SI Vault
E.M. Swift
May 11, 1987
The Flyers, the Red Wings and the Canadiens all won Stanley Cup series that went the limit
Decrease font Decrease font
Enlarge font Enlarge font
May 11, 1987

Three Sevens On One Roll

The Flyers, the Red Wings and the Canadiens all won Stanley Cup series that went the limit

View CoverRead All Articles View This Issue

It may not have been the most artistic week of hockey in NHL history, but it was a hellaciously competitive one. Three seven-game series went the limit during a Stanley Cup quarterfinal round that featured deathbed comebacks and quashed momentum, stakes through the heart, nonsluggin' cousins, backs to the wall and the Call. It was a week in which the New York Islanders nearly turned back the clock—yet again—and Le Petit Tigre, Quebec coach Michel Bergeron, nearly—yet again—turned blue.

There was even a bit of bathroom humor out of the sour old Norris Division, as Toronto coach John Brophy held a postgame press conference in a washroom following a loss. Meanwhile his archnemesis, Detroit coach Jacques Demers, interrupted one of his media sessions with this riveting inquiry: "Tell me, truthfully, do I look like Pee-wee Herman?"

It was a week when losers went away feeling like winners, and winners went away feeling, well, tired. The real winners? The Edmonton Oilers, who dispatched the Winnipeg Jets in four straight games almost a week before and thus could rest up and enjoy the exhausting proceedings from the sidelines. Nonetheless, it was a week to remember, as a single playoff round produced three seventh games.

In the Patrick Division, the Flyers had all they could handle in getting past the Islanders. "To kill this team, you have to put a stake through its heart," groaned Philadelphia forward Rick Tocchet. Added defenseman Mark Howe, "The Soviets are the best team in the world when they have the lead, and the Islanders are the best in the world when they are behind. The deeper they get into a hole, the better they play."

The hole seemed bottomless on Tuesday night before the Islanders, trailing three games to one for the second time in this year's playoffs, skated off with a 2-1 win at the Spectrum thanks to Kelly Hrudey's spectacular goaltending. Now it was back to the Nassau Coliseum. Home ice, to that point, had not been much of an advantage in any of the series—52% of this year's playoff games have been won by the visiting teams—and it had been particularly disadvantageous to the Islanders, who had won only one of their last nine home games. But other forces were at work—namely, New York's 21-8 record in postseason games in which the team has faced playoff elimination.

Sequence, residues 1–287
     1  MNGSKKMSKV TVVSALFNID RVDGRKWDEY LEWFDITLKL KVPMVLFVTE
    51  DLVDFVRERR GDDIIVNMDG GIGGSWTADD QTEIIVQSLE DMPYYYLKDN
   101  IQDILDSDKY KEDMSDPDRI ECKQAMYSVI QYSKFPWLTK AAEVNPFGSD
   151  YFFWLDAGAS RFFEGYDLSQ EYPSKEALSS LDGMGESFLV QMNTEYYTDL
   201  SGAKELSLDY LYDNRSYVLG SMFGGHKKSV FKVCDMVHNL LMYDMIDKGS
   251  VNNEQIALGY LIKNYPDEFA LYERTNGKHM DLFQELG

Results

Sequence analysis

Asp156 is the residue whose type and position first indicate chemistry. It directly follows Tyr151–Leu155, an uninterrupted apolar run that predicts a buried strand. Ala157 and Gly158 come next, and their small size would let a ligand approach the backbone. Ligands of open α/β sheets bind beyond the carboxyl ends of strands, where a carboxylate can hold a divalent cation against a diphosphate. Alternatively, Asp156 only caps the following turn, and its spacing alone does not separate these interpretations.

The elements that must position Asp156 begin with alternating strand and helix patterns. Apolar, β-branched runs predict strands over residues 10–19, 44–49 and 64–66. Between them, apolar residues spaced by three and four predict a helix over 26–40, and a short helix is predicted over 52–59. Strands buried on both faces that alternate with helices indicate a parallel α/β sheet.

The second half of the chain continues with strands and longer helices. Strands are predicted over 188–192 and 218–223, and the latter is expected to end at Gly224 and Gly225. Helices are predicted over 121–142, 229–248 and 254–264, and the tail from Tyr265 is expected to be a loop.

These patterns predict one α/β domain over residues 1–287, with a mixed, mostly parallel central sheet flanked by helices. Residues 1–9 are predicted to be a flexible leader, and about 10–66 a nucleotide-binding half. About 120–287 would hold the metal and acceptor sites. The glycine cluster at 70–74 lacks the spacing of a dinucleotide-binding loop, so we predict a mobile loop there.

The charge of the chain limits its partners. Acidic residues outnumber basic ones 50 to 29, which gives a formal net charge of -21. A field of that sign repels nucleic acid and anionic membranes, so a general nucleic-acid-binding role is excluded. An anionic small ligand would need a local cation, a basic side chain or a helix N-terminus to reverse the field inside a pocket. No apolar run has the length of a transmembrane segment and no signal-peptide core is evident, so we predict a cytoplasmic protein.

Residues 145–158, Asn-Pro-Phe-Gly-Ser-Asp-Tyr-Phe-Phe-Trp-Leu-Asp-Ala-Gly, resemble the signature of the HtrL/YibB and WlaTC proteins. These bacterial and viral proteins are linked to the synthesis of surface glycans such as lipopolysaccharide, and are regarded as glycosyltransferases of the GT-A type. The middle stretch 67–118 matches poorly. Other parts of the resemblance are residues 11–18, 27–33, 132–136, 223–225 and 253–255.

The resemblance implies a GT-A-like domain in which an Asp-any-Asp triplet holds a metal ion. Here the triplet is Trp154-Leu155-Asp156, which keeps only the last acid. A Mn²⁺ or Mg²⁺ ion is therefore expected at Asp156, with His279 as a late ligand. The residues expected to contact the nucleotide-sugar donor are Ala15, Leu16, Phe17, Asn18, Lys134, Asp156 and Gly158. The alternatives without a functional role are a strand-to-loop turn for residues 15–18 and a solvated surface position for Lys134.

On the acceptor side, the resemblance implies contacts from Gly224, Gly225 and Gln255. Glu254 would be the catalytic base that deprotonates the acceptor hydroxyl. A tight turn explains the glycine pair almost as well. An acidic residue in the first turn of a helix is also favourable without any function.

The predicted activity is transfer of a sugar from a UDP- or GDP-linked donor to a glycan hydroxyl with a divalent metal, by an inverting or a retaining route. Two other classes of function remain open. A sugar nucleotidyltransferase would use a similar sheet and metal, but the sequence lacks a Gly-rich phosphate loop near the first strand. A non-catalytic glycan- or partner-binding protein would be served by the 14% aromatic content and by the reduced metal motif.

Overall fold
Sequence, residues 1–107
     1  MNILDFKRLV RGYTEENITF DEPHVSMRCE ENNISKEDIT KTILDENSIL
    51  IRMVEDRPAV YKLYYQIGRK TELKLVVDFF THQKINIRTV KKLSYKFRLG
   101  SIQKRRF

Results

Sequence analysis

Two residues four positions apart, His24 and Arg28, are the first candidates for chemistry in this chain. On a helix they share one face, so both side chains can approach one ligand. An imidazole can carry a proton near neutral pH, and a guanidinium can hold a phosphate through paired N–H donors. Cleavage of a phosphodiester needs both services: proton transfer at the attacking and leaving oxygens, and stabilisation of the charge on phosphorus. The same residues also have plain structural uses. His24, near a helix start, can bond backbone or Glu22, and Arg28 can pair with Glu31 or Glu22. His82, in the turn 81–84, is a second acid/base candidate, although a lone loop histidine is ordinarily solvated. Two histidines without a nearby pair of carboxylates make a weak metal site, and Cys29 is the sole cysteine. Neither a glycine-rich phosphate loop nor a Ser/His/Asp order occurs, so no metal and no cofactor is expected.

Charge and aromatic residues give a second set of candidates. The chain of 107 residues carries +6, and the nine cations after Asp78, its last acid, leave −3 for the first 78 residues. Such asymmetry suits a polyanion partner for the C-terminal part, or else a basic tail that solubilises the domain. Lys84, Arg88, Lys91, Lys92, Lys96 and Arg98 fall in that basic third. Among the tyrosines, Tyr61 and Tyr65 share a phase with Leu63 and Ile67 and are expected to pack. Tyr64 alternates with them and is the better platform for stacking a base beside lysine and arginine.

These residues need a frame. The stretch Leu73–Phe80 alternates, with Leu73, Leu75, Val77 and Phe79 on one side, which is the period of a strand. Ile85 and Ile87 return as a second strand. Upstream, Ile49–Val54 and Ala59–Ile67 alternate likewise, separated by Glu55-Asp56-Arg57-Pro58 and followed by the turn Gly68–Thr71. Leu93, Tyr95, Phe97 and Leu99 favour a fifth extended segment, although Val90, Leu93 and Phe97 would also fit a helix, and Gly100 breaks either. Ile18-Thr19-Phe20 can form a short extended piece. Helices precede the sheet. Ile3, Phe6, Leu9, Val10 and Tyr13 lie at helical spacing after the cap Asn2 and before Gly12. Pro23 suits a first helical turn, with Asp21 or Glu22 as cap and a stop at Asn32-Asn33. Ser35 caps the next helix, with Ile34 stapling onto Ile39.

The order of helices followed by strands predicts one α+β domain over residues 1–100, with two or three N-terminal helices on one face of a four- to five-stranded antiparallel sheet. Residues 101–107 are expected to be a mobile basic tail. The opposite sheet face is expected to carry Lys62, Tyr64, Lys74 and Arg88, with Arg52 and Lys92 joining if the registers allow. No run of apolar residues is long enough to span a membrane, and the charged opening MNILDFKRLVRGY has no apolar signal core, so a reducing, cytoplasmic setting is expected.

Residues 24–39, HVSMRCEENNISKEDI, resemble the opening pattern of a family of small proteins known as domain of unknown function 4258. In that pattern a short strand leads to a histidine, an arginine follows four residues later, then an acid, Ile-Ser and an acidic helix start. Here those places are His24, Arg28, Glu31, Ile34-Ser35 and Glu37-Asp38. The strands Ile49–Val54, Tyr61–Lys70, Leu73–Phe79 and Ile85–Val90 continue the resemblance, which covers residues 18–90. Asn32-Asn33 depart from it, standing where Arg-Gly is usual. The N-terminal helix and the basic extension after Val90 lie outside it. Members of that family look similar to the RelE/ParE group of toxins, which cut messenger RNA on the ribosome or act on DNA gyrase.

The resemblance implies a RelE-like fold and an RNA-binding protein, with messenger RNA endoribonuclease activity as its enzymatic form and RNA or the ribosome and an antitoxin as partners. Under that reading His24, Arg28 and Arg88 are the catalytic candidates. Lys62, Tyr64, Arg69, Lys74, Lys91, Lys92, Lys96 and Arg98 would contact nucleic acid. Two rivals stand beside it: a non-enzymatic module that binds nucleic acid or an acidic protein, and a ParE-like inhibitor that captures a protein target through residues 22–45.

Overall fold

On Thursday night the Islanders responded to yet one more impending season-ender with a convincing 4-2 win that G.M. Bill Torrey called "our best game of the year." Mike Bossy, who had just returned from an injury to his left knee, had a goal and skated like a teenager; Bryan Trottier had two tallies; and Denis Potvin, who was coming off a back injury, was rock solid on defense and confident on point for Islander power plays. As the series wore on, the ageless Islanders seemed to be getting stronger.

The Flyers, meanwhile, were wearing down. Tim Kerr, who had scored five goals in the first five games, aggravated an injury to his left shoulder in the second period of Game 6 and was out for the remainder of the series. Brian Propp had scored only one goal in his last eight games. And captain and spark plug Dave Poulin had been out for two weeks with a broken rib.

But the Flyers still had their fists, and after sticking to hockey for most of the series, they used them in the final seconds of Game 6. Dave Brown—who is a cult hero on a par with Rocky Balboa in the City of Brotherly Shove—got the call and jumped the Islanders' pesky Alan Kerr after a face-off. Brown's assault touched off a round of mass ugliness. Tocchet called Brown's decidedly un-spontaneous outburst "a message," and said, "When we get these guys back in our building, we're going to play the kind of hockey that people are used to seeing from the Philadelphia Flyers."

Which shouldn't have bothered New York at all, because in these playoffs it seemed that the only time the Flyers lost the game was when they lost their tempers first. The Islanders had hurt Philly badly in games 2 and 6 with power plays reminiscent of their dynasty days. Trottier, Bossy, Potvin, Pat LaFontaine and Mikko Makela used ticktacktoe passes to score on 7 of 17 opportunities in the first six games.

But in the finale, the power play—and, wonder of wonders, Brown—undid New York. Brown opened the scoring six minutes into the game, tipping in a shot by Propp for his first goal of the playoffs. Then the Flyers added two shorthanded goals on the same power play to end the suspense before the game was 11 minutes old. The first, scored by Propp, was set up by the indomitable Poulin, whose return to the lineup gave his teammates a lift. "That was valiant; cracked ribs don't heal in two weeks," said Lindsay Carson, who smothered Bossy all night and who was the guy sitting in the penalty box—for hooking, at 9:30 in the first period—when Propp scored.

Continue Story
1 2 3 4